Can you imagine collecting paper surveys, writing down the results manually and then trying to draw conclusions from it? That's how surveys were collected back in the day and sometimes even still today! That sounds completely miserable.
Luckily, technology came around and put a stop to manual, mindless labor, but it took a while. It's interesting how long it took for technology to catch up with the demand.
The path to this technology started with Herman Hollerith in 1880. He invented the punch card to easily shift through massive amounts of information and in turn revolutionized the United States census process. It is still in use by some places, to keep track of employee's working hours.
It wouldn't be until about 100 years later that tools to measure customer satisfaction started to look like what it is today. In the 1970s the need to have a satisfied customer was important, but it required the use of expensive focus groups (still useful today!), printing paper questionnaires and data punching. Computers were around, but they were extraordinarily expensive.
But businesses didn't care too much about customers' thought and were more focused on the logistical parts of business. "How can we ship this product faster and cheaper?" not the seemingly obvious questions like, "Do customers even like this product?" and "Are they planning to purchase from us again?"
In the 1980s, the differences between brands started to blur together. Technology allowed for newer companies to match their larger and more established competition in terms of speed and quality. Brands began trying to figure out ways to try and separate themselves from the pack. This is when customer service began becoming important.
Once companies realized this, they started investing time and research into how to better collect data on their customers. Big market research companies began to emerge, who specialized in processing paper data with scanning technology.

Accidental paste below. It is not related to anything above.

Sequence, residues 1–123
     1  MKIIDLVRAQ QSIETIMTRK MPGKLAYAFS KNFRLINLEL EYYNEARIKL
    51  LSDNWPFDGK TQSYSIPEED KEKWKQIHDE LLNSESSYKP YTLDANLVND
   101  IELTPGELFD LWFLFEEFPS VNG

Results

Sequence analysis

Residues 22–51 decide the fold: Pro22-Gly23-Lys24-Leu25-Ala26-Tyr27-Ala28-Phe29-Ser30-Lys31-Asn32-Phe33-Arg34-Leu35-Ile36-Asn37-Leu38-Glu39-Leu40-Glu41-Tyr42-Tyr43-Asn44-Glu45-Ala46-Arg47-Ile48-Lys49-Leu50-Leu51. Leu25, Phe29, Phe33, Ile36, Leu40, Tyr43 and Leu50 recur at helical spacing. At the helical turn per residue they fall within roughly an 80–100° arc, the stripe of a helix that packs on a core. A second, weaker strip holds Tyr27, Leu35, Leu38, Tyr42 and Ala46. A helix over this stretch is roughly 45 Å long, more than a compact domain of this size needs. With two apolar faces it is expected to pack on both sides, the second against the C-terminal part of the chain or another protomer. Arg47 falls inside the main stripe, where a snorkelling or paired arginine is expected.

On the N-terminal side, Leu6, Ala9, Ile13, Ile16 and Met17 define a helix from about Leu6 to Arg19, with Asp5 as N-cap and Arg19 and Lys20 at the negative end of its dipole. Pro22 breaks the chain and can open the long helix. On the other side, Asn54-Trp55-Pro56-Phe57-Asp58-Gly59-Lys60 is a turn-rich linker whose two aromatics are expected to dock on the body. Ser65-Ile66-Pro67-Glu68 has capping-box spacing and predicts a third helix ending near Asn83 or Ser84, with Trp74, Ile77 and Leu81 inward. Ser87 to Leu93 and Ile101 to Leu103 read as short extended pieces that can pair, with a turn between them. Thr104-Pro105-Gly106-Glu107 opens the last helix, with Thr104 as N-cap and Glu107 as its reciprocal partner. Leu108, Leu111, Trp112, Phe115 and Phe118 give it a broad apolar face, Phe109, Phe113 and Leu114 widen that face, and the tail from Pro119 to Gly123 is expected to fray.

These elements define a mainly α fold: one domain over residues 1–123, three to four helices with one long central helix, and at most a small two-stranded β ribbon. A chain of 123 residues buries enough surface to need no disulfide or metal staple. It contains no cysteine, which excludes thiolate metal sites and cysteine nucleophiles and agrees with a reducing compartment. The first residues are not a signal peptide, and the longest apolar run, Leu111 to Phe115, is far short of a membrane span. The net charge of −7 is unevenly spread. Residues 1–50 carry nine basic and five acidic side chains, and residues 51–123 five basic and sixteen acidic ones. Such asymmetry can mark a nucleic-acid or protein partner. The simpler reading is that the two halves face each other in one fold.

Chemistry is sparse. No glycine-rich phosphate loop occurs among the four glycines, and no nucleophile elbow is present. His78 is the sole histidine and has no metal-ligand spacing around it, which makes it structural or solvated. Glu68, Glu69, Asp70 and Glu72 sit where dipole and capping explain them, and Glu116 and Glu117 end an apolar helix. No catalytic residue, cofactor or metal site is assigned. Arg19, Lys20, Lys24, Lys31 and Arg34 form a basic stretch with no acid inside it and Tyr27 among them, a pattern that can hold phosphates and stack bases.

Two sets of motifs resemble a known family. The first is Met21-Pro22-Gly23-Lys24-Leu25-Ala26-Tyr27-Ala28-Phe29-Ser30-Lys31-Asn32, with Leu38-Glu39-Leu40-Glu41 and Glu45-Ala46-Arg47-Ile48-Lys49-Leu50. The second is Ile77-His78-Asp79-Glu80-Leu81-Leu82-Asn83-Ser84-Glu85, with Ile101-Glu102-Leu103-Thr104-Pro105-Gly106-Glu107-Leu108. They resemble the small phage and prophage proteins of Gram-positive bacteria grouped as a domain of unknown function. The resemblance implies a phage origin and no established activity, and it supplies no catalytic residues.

Distribution and collection was still expensive, but data processing had started lowering in price.
In the early '90s data collection starting becoming easier with automated phone calls taking survey results using a touch tone phone's keypad. Near the end of the '90s, the internet began taking form in email and web-based customer focused studies.
Email and web-based surveys are of course the standard today, but they have begun to show their flaws. These services can become expensive for businesses and most customers find the experience of measuring their satisfaction and unsatisfactory one.
Every business ties profits directly to customer satisfaction (as they should) so lengthier and more frequent surveys are prevalent. The problem comes with overwhelming customers.
Businesses have turned to methods of collecting feedback to stop bothering customers. Listening in to customer chatter on social media and turning to mobile apps perfectly align for the mobile age.
Customers already have a piece of technology they check periodically with them all the time, why not use it to see how they feel unobtrusively? Seems like a win-win for both the customer and the business.
Customer satisfaction will only get better as time goes on, but it's hard to guess know what will be the new standard.
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